The bushes are sprouting green, the sun shines above, t-shirts and shorts abound. Spring is finally here in Colorado, thus the official beginning of Rosé season. And whether it’s called Rosé, or the Spanish Rosado, or the Italian Rosato, there are plenty to hold your pink glass with pride.
Despite the myth of that Rosés are an asinine way to enjoy grapes, partly in thanks to the infamous wine cooler-esque “White Zin” that took hold in California in the 70s, the truth is most Rosés are complex, great with a wide variety of foods, refreshing, and relatively inexpensive. So the next time you have a BBQ, let your guests in on these secrets to a delicious pink spring & summer wine.
Most Rosés are made with red grapes; NOT simply mixing red & white wine together.
Red grapes are white inside and produce clear juice. To give Rosés what seems to always be a pretty pink, red grapes are lightly crushed and the juice sits with the grape skins for only a few hours or a few days. Just like red wines, the longer the juice sits with the grape skins, the deeper the color you’ll see and the more tannins you’ll detect. “Vin Gris,” translated as “Grey Wine” is when the maceration time is extremely short. Lighter grape varieties, such as Pinot Noir, are often used to make a “Vin Gris,” almost-white wine. You can also make Rosés by the Saignée method, which is a Rosé made as a byproduct of red winemaking. To ensure a higher skin to juice ratio, winemakers will sometimes bleed off a portion of the juice during fermentation. This bled-off juice is then fermented into a Rosé.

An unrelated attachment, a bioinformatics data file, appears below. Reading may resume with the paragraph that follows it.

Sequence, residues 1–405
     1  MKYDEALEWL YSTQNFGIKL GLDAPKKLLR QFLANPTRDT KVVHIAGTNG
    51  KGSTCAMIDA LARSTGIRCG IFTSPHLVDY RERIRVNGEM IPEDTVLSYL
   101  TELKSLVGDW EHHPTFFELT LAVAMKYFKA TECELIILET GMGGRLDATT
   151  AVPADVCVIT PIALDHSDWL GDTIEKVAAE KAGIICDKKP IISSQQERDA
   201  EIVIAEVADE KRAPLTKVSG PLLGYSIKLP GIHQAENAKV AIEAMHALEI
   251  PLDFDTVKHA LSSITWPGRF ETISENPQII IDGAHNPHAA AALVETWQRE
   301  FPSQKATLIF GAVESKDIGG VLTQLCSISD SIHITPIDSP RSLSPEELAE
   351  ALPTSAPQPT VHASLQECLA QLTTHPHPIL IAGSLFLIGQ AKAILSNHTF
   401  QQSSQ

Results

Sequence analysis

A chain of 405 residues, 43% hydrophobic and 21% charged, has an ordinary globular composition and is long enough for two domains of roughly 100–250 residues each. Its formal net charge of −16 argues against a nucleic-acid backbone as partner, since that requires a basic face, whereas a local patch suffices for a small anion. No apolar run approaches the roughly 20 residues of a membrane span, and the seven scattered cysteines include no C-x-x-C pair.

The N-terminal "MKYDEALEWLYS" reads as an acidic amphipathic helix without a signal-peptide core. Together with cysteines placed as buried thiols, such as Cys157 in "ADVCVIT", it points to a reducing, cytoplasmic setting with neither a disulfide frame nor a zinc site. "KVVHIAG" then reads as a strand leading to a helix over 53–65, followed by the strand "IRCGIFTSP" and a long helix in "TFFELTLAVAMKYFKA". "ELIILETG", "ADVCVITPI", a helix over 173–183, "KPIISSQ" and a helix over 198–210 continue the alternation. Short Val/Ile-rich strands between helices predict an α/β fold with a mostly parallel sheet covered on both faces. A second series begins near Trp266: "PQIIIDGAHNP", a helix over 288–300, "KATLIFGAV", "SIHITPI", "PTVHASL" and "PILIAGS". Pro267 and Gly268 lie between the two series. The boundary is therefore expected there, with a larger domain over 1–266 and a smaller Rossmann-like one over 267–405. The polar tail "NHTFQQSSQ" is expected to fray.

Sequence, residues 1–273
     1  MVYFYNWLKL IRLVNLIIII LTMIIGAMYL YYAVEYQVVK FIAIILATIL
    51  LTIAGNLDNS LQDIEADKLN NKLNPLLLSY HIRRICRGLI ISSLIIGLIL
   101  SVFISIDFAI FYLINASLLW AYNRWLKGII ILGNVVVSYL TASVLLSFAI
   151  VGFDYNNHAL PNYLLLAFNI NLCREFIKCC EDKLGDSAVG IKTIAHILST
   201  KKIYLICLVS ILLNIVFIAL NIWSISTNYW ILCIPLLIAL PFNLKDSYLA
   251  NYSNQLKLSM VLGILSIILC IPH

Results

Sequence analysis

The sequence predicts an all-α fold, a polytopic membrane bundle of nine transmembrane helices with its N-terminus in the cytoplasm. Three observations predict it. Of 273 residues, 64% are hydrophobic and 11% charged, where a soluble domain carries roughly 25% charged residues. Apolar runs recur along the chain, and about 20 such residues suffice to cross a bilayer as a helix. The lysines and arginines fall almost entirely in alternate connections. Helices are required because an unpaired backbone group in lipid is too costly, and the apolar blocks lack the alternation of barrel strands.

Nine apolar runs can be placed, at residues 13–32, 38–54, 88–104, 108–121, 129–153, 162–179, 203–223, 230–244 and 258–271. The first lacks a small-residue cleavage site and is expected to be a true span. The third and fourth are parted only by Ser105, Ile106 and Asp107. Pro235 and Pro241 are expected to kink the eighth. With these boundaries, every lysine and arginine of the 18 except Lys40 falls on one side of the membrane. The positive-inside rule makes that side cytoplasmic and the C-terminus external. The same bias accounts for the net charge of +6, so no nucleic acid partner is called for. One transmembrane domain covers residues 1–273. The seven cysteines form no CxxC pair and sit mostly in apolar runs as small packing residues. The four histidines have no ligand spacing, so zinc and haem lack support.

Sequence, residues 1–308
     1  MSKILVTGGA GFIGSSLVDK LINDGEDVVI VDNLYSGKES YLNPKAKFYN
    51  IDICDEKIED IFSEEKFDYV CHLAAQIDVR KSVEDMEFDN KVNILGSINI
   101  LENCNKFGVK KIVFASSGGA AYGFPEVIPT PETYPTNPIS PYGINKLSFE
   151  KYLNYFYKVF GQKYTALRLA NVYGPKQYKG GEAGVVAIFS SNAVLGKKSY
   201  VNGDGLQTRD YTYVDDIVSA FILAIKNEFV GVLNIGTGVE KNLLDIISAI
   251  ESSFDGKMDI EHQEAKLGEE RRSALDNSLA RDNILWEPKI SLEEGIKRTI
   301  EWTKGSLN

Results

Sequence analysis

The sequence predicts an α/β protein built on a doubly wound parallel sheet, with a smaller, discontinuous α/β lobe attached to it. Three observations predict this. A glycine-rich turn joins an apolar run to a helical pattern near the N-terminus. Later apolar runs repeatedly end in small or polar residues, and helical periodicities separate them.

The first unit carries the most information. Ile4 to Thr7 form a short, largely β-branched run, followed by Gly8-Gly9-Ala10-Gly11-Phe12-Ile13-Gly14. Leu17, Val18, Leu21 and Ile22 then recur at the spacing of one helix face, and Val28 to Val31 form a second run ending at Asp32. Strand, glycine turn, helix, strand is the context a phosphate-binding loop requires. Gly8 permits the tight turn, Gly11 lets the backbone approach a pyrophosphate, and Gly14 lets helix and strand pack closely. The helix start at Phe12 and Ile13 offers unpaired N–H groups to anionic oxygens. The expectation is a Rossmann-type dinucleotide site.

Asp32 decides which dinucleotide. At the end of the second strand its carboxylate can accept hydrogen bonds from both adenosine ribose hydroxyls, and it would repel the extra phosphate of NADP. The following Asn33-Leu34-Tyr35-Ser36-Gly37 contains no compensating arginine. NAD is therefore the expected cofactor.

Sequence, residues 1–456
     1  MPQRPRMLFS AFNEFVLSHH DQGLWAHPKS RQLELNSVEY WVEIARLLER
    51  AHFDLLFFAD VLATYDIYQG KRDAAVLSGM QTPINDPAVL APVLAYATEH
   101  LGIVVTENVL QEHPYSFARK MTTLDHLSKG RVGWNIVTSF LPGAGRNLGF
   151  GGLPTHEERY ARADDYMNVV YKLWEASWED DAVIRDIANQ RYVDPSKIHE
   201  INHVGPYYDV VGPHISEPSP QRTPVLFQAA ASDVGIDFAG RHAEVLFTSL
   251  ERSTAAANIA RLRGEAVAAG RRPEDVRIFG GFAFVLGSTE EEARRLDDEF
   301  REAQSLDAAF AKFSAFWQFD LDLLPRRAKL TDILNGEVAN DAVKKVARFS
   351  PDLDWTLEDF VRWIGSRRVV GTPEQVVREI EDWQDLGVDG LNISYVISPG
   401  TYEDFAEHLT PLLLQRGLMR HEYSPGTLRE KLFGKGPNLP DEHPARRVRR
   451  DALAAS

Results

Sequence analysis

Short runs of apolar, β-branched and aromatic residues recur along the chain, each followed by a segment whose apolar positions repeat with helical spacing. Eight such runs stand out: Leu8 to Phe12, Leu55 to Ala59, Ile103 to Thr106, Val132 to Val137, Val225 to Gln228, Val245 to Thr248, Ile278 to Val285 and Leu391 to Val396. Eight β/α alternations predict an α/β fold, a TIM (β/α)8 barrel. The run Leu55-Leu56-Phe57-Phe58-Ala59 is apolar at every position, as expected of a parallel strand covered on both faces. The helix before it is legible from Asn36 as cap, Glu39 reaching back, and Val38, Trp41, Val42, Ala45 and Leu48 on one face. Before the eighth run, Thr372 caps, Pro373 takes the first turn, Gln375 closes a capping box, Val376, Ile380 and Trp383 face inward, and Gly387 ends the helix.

Rosés don’t need a cellar.
Rosé is not made or meant to be aged. Generally speaking, most Rosés are meant to be enjoyed immediately, which is why you’ll have trouble finding a label more than a couple of years old.
Rosés won’t break your wallet either.
Rosé’s philosophy is generally to be an easy, fresh wine, but there are wine makers trying to convince us otherwise, by oak aging for more structure and body. Chateau D’Esclans, prices Rosés as much as $90, but most good bottles are going to be priced at or under the $20 mark.
Rosés are fantastic with food.
Rosés are easy drinking at any time, but when it comes to food, your bases are covered. Light and dry Rosés, such as those from Provençal go wonderfully with salads, shellfish and goat cheeses. Southern French and Spanish Rosés pull their weight to bigger flavors such as spicy foods and heartier meats, like lamb. Full-bodied Rosés, from a Syrah or Cabernet grape, are well matched with intense seafood dishes like butter poached lobster, barbecue or curries.